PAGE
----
The process of giving out season tickets has been rushed. Fans waited years but then had to decide on a £1k per year commitment in literally a matter of days. A key issue for the club now is how it treats its season ticket holders and members.

Who will go to be able to go cup finals?

Loyalty points are key for the big games. For many away games there are only 3,000 tickets – even season ticket holders need several hundred loyalty points and they are also used to allocate members tickets for cup semis or finals.

A Tottenham season ticket will no longer guarantee a ticket to a Cup Final, nor even for the 33,000 semi-final tickets. A major challenge that now faces Tottenham and its new season ticket holders is how to decide who gets tickets for high-demand games like cups, or games away from home.

The default position may be that new season ticket holders are bottom of the list (see chart below). That may be fair (though some have been to more games than season ticket holders), but then who should get priority within new season ticket holders with the same (very low) number of loyalty points?

The club has already caused controversy on its approach to season tickets. In 2012, with no consultation, it introduced a 5 year cut-off for loyalty points so that season ticket holders who attended games 25, 15, or 6 years ago saw no recognition in their loyalty points. So, further wholesale changes seem unlikely.   

What are the options?

The default position is that new season ticket holders start again with no loyalty points – so, 18,500 new season ticket holders, some who have been to a hundred games in the last five years, and some who have only been to a handful, will be equalised. The club appear to be suggesting ballots to allocate tickets. This is clearly unfair.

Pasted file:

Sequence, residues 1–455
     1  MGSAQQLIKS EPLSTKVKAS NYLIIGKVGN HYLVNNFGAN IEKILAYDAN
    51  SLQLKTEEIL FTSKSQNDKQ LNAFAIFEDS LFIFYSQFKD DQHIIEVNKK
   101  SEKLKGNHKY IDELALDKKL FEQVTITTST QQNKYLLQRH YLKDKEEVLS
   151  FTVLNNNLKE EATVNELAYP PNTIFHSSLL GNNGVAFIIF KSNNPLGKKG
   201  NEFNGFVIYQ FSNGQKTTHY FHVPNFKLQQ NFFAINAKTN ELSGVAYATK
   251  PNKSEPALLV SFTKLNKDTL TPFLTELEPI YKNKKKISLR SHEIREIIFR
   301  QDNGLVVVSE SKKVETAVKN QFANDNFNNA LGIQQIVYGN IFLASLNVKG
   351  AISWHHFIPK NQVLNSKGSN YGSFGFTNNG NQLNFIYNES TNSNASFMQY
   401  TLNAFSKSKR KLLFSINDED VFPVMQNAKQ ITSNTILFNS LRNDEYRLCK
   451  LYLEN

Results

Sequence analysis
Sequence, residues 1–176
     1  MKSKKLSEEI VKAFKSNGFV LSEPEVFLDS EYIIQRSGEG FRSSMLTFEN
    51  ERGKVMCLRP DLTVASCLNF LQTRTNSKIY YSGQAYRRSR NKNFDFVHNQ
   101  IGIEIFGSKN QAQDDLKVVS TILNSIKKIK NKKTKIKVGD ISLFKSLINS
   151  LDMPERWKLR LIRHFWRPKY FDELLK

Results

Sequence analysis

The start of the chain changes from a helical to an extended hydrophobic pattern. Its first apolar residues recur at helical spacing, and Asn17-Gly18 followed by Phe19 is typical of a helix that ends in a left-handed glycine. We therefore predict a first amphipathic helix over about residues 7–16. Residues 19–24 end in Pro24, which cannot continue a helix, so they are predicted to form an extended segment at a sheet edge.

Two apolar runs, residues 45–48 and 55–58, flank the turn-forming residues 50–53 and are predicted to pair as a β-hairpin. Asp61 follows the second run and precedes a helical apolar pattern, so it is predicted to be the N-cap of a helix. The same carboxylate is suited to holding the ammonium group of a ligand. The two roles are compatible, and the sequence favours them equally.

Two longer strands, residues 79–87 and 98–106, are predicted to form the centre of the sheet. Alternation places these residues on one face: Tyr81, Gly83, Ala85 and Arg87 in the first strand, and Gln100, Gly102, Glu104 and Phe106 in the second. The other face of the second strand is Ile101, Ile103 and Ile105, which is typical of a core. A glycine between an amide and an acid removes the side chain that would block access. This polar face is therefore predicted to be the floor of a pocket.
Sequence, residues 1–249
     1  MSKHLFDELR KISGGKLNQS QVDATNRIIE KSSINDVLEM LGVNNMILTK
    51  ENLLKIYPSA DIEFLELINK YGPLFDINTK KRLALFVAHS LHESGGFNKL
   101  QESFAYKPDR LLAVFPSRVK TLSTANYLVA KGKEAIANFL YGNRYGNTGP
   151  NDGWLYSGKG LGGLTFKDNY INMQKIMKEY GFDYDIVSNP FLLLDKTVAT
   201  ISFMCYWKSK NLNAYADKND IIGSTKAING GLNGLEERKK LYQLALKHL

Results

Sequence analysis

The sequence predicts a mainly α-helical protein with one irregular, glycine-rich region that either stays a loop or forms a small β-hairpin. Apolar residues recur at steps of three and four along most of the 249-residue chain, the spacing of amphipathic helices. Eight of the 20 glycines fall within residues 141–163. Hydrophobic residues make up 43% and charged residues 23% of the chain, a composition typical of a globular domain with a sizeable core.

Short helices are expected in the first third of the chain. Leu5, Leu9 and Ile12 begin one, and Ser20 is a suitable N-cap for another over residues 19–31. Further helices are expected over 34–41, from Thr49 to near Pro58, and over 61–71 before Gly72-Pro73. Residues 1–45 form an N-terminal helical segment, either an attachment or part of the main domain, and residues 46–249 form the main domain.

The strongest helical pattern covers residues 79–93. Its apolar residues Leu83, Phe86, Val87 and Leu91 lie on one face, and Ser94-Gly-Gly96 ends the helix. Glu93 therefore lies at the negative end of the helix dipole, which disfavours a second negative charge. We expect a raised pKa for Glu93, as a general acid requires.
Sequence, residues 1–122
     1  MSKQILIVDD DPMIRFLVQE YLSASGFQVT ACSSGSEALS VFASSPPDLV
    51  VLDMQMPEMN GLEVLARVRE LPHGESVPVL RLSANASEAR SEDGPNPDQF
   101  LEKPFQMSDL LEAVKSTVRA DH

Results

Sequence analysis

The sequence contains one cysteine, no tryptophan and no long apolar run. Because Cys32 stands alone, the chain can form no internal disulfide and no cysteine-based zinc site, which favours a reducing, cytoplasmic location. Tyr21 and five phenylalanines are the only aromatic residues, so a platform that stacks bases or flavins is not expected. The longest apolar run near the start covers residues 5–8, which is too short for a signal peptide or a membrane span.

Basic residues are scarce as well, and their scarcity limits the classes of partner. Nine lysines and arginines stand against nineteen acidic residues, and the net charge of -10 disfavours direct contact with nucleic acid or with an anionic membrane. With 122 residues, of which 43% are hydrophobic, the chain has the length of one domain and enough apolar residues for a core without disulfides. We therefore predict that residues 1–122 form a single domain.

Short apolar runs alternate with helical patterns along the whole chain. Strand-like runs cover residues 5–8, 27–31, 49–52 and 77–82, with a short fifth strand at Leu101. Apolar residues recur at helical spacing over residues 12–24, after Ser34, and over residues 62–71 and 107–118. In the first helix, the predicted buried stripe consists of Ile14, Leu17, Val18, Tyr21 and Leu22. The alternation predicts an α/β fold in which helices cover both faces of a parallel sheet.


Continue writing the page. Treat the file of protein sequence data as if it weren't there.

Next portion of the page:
Carrying forward members’ loyalty points would also be unfair – as a currency, these are more liberally awarded, and less valuable than season ticket loyalty points. It would be ridiculous for a new season ticket holder who has been to half of games to jump ahead of one that has been to all of them.

Another option is to ‘freeze’ new season ticket holders existing (member) loyalty points, and use these to prioritise until the season ticket points are more differentiated. A similar option is to use new season ticket holders (last) position on the waiting list (which would represent how long they had waited). Both of these have the feature of being immediately available and the Supporters’ Trust have supported a weighted version.

Our proposed option is to create a single loyalty point system by boosting season ticket holder loyalty points. To achieve this, season ticket holders should be awarded the loyalty points they would have received for attending games as members. This could be done based on the games they actually attended (which corrects for when season ticket holders sold their ticket) – or it could be a simpler per-year award. Based on the mix of games, this would boost season ticket-holders’ loyalty points by some 60 points for each year they held the ticket. If all season ticket holders got 300 extra points (a few wouldn’t as they’ve had one for less than 5 years), and if we assume the new season ticket holders have the same distribution of loyalty points as all members, the resulting distribution would look as follows:

There is some overlap for the small proportion of members (1.5%) that have been to more games than season ticket holders (ie earned over 300 loyalty points) but otherwise, existing season ticket holders have a clear advantage.

The way forward

Overall then, this proposal would:  

– solve the problem of how to assess the loyalty of new season ticket holders fairly

– treat season ticket holders and members consistently;

– reward the most loyal supporters; and

– create in incentives to attend less popular games.

With only one month to go till the new season, and no word from the club on its plans, it seems unlikely there will be any consultation on the approach. The Supporters Trust have rightly criticized the club for mis-information, a lack of transparency and no consultation on dramatic changes to both season ticket holders and members.

This proposal would require some effort on the part of the club to go back and calculate loyalty points – but the benefits would be a single clear system of loyalty points that avoids further major reforms.